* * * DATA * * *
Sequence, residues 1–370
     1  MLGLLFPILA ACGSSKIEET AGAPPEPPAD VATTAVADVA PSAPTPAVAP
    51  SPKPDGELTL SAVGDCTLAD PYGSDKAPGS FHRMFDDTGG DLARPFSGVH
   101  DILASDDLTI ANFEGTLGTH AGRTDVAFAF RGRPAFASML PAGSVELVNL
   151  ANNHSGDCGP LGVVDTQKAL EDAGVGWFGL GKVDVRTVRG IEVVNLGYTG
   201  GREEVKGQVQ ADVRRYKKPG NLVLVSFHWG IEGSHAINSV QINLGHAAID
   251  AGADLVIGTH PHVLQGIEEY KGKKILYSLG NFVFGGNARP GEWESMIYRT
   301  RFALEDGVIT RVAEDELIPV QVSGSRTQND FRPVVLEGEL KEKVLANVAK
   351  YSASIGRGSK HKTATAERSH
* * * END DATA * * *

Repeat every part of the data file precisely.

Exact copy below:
Sequence, residues 1–370
     1  MLGLLFPILA ACGSSKIEET AGAPPEPPAD VATTAVADVA PSAPTPAVAP
    51  SPKPDGELTL SAVGDCTLAD PYGSDKAPGS FHRMFDDTGG DLARPFSGVH
   101  DILASDDLTI ANFEGTLGTH AGRTDVAFAF RGRPAFASML PAGSVELVNL
   151  ANNHSGDCGP LGVVDTQKAL EDAGVGWFGL GKVDVRTVRG IEVVNLGYTG
   201  GREEVKGQVQ ADVRRYKKPG NLVLVSFHWG IEGSHAINSV QINLGHAAID
   251  AGADLVIGTH PHVLQGIEEY KGKKILYSLG NFVFGGNARP GEWESMIYRT
   301  RFALEDGVIT RVAEDELIPV QVSGSRTQND FRPVVLEGEL KEKVLANVAK
   351  YSASIGRGSK HKTATAERSH